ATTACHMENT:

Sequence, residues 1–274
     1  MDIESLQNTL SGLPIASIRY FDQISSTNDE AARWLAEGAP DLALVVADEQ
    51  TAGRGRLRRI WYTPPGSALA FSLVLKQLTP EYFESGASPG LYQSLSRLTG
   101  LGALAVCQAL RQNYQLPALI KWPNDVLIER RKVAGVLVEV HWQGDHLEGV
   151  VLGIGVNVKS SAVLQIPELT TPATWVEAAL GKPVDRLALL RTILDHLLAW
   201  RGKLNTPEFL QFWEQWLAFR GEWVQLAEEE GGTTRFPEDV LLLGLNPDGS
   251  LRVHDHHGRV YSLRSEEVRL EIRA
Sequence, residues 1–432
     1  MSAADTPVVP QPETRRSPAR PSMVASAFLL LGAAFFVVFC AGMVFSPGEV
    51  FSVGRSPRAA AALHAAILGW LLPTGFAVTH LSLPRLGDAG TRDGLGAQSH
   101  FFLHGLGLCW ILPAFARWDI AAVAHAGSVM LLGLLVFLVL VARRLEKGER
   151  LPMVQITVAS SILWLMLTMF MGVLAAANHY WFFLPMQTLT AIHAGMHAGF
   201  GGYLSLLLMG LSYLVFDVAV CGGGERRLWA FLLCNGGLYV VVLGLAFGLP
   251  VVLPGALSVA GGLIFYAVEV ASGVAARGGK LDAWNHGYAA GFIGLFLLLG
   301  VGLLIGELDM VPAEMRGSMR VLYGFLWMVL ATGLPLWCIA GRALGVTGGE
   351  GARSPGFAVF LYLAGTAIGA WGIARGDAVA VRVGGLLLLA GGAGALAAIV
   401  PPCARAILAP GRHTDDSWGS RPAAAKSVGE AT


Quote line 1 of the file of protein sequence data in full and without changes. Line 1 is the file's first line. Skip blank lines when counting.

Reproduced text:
Sequence, residues 1–274